One Reason Why #NetNeutrality Is Important

Net Neutrality is extremely important right now, because we are in a near-monopoly market in the ISP world…

Checks and balances in some form are always necessary for a capitalist market.  Otherwise, if left unchecked, the “profit motive” for companies will lead to them exploiting the market for more profit (which is their primary objective).

And then we find a near-monopoly like Comcast et. al…

Right now Net Neutrality is the only “check” for near-monopoly companies like Comcast (and it’s not a great one).  While the Government isn’t who I would pick to maintain this check, the companies will NOT do it themselves … soooo…

If left unchecked Comcast et. al would try every way possible to extract every single dollar out of their customer’s pockets that they could (beyond what they already do). No additional value would be provided, though value would be “packaged” LIKE it was being added.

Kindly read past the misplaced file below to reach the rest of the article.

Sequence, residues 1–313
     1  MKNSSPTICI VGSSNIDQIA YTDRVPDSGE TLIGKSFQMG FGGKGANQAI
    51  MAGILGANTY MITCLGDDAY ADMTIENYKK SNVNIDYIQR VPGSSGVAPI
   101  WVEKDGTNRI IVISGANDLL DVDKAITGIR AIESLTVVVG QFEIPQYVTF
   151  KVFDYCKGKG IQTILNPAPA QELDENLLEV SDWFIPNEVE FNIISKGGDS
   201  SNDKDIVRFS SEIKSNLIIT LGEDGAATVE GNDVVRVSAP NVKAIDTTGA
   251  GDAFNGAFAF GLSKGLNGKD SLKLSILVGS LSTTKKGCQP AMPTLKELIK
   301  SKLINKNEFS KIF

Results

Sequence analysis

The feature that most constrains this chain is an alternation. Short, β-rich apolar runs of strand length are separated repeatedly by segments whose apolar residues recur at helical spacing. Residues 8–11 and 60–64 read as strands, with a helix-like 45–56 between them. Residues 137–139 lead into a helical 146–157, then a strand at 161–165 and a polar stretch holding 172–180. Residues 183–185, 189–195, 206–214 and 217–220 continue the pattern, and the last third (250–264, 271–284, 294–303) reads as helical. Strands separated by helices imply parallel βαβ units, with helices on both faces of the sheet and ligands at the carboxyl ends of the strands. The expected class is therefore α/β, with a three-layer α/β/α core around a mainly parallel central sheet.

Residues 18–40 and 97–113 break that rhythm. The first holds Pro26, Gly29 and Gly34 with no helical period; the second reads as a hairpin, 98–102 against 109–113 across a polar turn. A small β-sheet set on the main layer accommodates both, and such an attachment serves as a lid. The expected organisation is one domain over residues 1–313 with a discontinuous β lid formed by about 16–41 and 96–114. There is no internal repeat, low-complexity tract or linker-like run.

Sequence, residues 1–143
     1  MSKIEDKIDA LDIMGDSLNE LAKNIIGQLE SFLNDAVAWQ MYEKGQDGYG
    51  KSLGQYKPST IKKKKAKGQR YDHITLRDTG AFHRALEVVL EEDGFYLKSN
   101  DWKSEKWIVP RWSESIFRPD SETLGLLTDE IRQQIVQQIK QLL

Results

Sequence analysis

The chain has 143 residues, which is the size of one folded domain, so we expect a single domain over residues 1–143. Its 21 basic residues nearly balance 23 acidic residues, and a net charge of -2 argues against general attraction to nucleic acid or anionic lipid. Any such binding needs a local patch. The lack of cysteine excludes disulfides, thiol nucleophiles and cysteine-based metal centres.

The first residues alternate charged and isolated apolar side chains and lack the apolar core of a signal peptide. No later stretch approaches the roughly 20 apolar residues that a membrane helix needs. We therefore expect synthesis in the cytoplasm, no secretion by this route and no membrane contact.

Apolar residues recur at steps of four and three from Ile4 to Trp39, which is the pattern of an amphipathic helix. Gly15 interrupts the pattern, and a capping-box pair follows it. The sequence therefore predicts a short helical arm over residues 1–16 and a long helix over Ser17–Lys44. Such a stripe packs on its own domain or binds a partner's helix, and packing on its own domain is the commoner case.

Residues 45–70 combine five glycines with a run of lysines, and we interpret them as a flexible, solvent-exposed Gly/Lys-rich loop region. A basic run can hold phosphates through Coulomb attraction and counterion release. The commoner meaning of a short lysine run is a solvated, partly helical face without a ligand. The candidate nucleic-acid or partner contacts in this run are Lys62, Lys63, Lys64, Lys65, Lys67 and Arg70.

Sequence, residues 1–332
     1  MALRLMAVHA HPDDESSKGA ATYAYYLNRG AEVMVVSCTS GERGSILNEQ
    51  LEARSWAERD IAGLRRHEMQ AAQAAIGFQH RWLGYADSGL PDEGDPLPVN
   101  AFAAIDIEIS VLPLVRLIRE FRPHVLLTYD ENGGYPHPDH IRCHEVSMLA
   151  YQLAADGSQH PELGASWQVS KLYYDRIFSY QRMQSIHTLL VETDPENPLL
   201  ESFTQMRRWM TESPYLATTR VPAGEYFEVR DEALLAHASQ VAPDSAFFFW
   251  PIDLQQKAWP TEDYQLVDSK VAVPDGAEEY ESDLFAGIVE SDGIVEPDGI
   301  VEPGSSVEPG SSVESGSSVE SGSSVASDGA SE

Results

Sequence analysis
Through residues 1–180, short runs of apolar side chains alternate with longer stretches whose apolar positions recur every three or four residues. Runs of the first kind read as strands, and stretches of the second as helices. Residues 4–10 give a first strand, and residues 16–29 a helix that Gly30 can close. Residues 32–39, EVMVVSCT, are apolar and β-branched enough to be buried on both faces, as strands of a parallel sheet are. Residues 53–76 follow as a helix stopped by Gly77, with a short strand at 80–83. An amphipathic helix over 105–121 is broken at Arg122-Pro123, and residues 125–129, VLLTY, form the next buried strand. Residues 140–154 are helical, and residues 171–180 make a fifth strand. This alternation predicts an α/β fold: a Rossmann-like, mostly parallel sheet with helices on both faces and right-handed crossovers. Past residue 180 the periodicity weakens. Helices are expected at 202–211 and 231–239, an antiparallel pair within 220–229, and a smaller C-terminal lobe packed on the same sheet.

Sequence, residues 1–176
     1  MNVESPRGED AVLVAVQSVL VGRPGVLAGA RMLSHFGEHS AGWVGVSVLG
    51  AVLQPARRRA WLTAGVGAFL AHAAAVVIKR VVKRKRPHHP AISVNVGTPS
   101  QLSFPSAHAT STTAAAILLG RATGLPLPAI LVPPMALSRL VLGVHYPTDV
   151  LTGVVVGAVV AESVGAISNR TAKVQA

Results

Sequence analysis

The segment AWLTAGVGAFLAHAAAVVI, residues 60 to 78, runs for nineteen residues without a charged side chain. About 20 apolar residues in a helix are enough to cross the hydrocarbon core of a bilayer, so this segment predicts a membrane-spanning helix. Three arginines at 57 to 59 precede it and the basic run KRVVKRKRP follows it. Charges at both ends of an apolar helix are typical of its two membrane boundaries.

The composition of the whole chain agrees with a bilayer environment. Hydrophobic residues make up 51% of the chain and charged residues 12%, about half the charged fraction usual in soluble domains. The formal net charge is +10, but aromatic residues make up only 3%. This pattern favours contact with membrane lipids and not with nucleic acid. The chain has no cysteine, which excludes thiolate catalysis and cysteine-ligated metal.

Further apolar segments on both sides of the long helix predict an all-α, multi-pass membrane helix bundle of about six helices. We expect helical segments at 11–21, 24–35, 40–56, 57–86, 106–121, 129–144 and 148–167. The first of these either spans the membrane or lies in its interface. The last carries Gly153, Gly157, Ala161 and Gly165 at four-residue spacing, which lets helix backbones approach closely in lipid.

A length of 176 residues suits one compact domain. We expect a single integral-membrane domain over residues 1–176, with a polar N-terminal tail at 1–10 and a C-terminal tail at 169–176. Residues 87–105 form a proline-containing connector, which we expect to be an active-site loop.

These companies sell access to the Internet, and that is all it should ever be.  But the profit motive has led to these ISP’s attempting to package “usage” as the “fair” way to sell services.

And that is complete bullshit.  They sell access, and speed of access … that’s it.  One price, one access point, and that is all.

With a LOT more competition and consumer choice in the ISP market, perhaps regulations wouldn’t be as necessary as the market would regulate itself to “some” degree.

But regulations will always be necessary to some degree (whatever that is) when it comes to ubiquitous services like Internet access.  Because as we’re finding out now, companies like Comcast / Xfinity are getting set to exploit their market for dollars again.

Folks, Comcast doesn’t care … they just want to reach as deep into your wallet as you’ll let them … period.

Why You Need to Forget About the “Elevator Pitch”

An edited version of an older article I wrote that was deleted by accident.

Forget the elevator pitch.

In fact, forget the idea entirely … don’t practice one … don’t even say the words ever again.